Portland lawyer Kelly Clark won a landmark sex abuse case against the Boy Scouts of America last month, when a Multnomah County jury awarded his client $20 million in damages for abuse he endured as a young scout decades ago. But that's only half the battle. Clark was back in court today arguing to Judge John Wittmayer that the Scouts' 20,000 page "Perversion Files" should be made public. Local and national media have signed onto the argument, including the AP, New York Times and Oregonian.
- Lawyer Kelly Clark with the Boy Scout's secret perversion files.
The 1,247 files were the Boy Scouts' system to keep track of people who should be banned from volunteering with troops, including child molesters and known gay men. The files were used as evidence in the groundbreaking child abuse case, but unlike nearly all evidence used in Oregon trials, at the request of the Boy Scouts, the judge ordered the files could not be turned over to media.
"The Boy Scouts of America does not get after all these years that healing does not start until all the secrets are out," Clark said this morning in court, his voice raised and angry. "Break the secrets! Be done with it! The Boy Scouts are asking you to put these files back in a locked cabinet!"
"And all this happens in a state where the constitution says we have open courts, were evidence should be accessible," argued Clark.
I've seen the perversion files—well, the cardboard boxes that they're stacked in, anyway. The actual files are sealed by a court protective order, open to only the lawyers involved in the case. Being able to actually see the files piled up, but not read them... you can imagine how frustrating that is to a reporter.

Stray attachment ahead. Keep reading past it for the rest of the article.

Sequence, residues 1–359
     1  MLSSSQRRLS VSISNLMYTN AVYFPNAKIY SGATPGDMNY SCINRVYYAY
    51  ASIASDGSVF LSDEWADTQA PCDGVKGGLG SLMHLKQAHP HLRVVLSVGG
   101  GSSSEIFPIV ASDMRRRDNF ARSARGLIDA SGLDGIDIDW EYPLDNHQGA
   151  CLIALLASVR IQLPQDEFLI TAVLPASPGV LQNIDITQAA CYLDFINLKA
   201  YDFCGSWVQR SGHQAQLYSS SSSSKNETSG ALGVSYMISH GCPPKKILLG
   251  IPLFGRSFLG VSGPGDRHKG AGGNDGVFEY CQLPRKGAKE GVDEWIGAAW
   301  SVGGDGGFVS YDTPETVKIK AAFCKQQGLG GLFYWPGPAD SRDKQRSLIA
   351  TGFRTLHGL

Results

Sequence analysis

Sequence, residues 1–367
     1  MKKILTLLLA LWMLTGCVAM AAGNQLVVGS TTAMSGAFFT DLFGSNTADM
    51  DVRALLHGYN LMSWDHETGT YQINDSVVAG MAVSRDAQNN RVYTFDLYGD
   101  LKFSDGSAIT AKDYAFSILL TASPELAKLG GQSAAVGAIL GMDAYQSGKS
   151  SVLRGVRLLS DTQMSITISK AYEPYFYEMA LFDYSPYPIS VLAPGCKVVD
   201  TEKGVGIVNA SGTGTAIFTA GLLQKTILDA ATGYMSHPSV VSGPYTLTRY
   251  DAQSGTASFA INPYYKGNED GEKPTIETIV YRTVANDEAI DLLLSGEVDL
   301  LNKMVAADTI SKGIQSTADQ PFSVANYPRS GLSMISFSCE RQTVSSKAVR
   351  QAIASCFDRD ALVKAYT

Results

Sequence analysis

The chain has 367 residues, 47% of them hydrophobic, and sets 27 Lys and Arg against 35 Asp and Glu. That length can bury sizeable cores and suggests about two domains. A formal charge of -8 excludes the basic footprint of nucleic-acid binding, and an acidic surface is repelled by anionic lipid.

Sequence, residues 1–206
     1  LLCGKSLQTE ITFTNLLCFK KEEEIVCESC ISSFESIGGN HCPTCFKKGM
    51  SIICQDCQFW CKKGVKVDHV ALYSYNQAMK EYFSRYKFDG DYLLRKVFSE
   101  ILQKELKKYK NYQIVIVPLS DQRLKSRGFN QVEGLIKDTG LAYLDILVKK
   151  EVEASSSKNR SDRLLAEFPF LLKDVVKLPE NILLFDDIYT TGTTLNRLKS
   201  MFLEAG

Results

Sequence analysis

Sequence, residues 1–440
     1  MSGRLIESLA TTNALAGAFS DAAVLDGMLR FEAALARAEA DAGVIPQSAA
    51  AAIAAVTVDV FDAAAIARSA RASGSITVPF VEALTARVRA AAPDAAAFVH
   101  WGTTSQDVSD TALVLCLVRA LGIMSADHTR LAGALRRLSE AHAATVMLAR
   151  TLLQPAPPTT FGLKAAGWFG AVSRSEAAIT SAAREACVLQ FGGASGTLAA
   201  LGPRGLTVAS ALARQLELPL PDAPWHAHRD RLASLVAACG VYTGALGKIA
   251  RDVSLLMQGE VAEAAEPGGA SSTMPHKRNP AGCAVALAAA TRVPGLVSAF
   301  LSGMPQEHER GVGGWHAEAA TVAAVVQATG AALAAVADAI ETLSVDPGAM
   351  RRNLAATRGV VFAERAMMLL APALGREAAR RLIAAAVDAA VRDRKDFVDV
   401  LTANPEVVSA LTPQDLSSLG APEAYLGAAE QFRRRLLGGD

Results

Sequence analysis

Below the cut: The boy scouts' opinion.
For the boy scout's argument, lawyer Rob Aldisert (with high-powered Portland firm Perkins Coie) kept away from impassioned speeches and focused on legal facts. There are no cases that exactly match this one, so Judge Wittmayer's decision in this case could set major legal precedent.
"These files have been confidential as far back as anyone can remember," Aldisert said, noting that the people who made allegations in the files were assured by scout policy that they would be anonymous. He compared keeping the names of alleged (but not convicted) abusers out of the public to the laws that allow sexual abuse victims to remain anonymous John or Jane Does in court. Aldisert argued that releasing the files would create such a media sensation that all future juries in these cases would be prejudiced.
Aldisert also read a letter that he says is from one man who was abused in the scouts, pleading for the files to remain closed. "'I've been trying for the past 25 years to put the abuse behind me. Unfortunately the articles in the Oregonian have forced me to relive those terrible days,'" read Aldisert. "Ask yourself: What good can come from the release of those files?" The Boy Scouts are still using the Perversion File system to screen volunteers.
Clark's co-counsel, Dan Lindahl, rebutted that the jury's finding that the Boy Scouts had utterly failed to protect one Oregon scout from abuse shows that the Perversion Files system is not working and has only ever been used to cover up crimes, not inform families of abuse.
Judge Wittmayer asked pointed questions of both sides in the case and is expected to issue his decision later this week.